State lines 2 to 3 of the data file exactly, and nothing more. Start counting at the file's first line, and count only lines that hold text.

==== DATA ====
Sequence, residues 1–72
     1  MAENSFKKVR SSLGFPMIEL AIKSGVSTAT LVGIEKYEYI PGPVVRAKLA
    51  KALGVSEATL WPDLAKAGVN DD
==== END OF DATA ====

     1  MAENSFKKVR SSLGFPMIEL AIKSGVSTAT LVGIEKYEYI PGPVVRAKLA
    51  KALGVSEATL WPDLAKAGVN DD